There is much to pay for in this election, and some irreversible changes at stake, but there are some surprising areas of convergence, if not consensus, about the future course of the country. There are also developments we can do little about, whoever is in power. Here are a few:
Britain will leave the EU
Unless there is a massive breakthrough by the Lib Dems – perfectly possible, though less likely than some might hope – or a change of leader and policy by the Labour Party in government over the next couple of years (ditto), then we know that either Jeremy Corbyn or Theresa May as prime minister would pursue some sort of Brexit, and with no second referendum on the final Brexit terms with the option of staying in. An unpalatable fact, maybe, but there we are.
You will be paying more tax
“You” being the electorate generally. Chances are that, as in the past few years under all three parties, richer families will be hit harder than poorer ones, but there is no escaping the fact that all three major national parties agree on this, whether they admit it or not.
It is why the Tories are preparing to ditch the law that prevents rises in income tax, National Insurance and VAT, and why Labour have started to discuss wealth taxes and defining the “rich” as those on more than £70,000 to £80,000, for example.
The Lib Dems have always kept their tax options open, more or less, with the pledge to take millions on less than £10,000 a year out of income tax altogether one of the promises they did keep in coalition. You know what to expect. Tories say the difference is that they have a “this is going to hurt me more than it’s going to hurt you” approach, as opposed to Labour and the Lib Dems’ supposed tax sadism, but the result will be the same: you will get spanked.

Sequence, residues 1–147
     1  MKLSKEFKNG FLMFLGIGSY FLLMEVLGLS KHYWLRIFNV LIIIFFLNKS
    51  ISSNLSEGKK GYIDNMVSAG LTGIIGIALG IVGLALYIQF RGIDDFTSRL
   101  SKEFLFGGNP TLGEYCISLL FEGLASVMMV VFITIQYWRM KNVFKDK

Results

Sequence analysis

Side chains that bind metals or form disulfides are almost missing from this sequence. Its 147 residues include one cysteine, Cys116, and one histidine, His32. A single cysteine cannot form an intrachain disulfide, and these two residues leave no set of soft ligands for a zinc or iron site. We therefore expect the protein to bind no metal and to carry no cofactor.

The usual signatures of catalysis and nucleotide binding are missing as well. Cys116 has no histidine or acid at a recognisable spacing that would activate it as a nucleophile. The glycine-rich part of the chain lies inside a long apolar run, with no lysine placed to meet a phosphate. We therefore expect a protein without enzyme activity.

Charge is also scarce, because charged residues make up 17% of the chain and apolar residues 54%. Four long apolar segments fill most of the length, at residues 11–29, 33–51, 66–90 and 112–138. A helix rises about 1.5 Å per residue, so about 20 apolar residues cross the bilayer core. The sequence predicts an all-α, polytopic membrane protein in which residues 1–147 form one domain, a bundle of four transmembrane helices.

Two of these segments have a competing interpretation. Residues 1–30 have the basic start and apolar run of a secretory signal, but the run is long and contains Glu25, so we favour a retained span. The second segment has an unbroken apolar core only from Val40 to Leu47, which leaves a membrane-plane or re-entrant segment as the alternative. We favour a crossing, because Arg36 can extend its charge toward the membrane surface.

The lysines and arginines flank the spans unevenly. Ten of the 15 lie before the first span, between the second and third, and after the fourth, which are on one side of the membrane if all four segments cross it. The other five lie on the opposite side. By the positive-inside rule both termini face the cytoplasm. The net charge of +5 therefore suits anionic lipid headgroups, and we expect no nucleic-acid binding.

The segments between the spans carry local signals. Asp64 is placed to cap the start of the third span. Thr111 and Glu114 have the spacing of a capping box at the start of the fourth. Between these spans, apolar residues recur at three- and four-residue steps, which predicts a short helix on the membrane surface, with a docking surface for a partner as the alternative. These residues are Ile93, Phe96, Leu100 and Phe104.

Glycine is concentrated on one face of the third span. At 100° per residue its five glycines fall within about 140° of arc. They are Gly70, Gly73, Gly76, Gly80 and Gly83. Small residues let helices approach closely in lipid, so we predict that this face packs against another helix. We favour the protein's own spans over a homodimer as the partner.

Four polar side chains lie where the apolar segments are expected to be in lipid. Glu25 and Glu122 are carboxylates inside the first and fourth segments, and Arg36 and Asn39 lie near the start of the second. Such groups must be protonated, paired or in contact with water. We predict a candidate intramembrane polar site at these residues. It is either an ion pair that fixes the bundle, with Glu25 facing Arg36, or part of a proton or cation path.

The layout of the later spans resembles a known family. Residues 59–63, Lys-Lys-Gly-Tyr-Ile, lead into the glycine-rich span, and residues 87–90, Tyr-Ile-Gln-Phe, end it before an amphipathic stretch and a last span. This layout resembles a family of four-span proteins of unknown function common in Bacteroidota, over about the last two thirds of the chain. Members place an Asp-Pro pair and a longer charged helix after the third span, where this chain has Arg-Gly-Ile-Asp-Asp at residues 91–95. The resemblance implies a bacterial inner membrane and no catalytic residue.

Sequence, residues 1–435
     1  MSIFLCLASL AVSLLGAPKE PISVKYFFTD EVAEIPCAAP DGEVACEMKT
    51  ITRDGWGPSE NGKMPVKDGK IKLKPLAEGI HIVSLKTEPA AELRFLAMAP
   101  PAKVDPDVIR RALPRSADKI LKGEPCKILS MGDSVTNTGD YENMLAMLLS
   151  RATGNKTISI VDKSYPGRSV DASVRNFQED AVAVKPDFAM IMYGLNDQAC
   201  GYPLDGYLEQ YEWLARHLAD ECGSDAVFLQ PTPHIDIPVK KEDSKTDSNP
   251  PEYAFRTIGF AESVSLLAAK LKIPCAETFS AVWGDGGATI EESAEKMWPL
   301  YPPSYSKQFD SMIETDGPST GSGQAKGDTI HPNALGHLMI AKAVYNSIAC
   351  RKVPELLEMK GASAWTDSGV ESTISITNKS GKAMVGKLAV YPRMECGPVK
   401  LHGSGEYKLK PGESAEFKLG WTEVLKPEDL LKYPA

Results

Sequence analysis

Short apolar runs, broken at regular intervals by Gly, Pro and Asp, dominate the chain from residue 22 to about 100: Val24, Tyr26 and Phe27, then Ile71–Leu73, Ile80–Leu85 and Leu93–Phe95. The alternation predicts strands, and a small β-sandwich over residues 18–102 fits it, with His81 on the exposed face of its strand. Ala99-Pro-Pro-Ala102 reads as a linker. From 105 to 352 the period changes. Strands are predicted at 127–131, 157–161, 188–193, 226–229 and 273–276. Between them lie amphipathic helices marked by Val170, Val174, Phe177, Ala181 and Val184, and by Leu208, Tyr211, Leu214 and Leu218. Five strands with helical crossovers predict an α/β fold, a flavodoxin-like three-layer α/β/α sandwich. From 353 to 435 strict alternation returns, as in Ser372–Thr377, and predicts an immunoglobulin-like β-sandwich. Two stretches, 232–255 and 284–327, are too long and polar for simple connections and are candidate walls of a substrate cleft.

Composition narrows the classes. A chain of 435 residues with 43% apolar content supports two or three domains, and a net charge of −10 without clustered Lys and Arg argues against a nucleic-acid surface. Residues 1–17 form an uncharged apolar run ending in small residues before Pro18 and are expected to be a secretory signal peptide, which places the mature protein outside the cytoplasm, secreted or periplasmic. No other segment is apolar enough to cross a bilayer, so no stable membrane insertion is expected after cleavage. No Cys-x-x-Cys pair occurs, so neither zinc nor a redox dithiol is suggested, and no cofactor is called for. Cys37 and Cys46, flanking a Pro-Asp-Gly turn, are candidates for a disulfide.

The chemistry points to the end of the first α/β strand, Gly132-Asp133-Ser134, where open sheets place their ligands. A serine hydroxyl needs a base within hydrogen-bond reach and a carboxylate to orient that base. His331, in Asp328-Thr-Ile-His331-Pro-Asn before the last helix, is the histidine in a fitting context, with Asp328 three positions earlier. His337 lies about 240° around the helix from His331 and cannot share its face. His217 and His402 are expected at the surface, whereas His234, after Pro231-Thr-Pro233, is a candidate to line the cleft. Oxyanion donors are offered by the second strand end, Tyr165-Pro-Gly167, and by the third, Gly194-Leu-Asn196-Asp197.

There will be some sort of cap on energy bills
Again, there is a cross-party consensus on this. Indeed it is difficult to find anyone in politics who disagrees with the idea of bringing the big six energy companies into line. Price controls, more competition, closer scrutiny by the regular or some mix of these may vary, but the politicians’ determination to see fairness in the gas and electricity market should not be underestimated.
We won't get an early trade deal with the US
This is because the Americans have more or less said so, and we don’t, in reality, have a special relationship with them. So it doesn’t matter to Donald Trump who inhabits Downing Street: Trump is putting America first, and, as it happens, the EU second.
We will spend 2 per cent of our national income on defence
Defence is one of the most controversial issues in this election, particularly when it comes to nuclear armaments and Trident; but the Nato pledge is one that all the parties say they will stick to.
We will honour our international obligation to spend 0.7 per cent of our national income on foreign aid
There is some debate about what to count here – whether to include aspects of the defence budget, for example, and different stresses on, say, aid to India and on scrutiny, but now that Theresa May has come out in favour of the target it is here to stay for another Parliament at any rate. Only a Ukip government would scrap it.
There will be more public spending on infrastructure
This is something all parties agreed on long before the election, with the major controversies over Heathrow expansion and the HS2 project largely taking place within parties rather than between them.
All the party leaders realise that Britain's infrastructure is key to success, with or without Brexit, and will be keen to talk it up and protect it (even if it means raising taxation).
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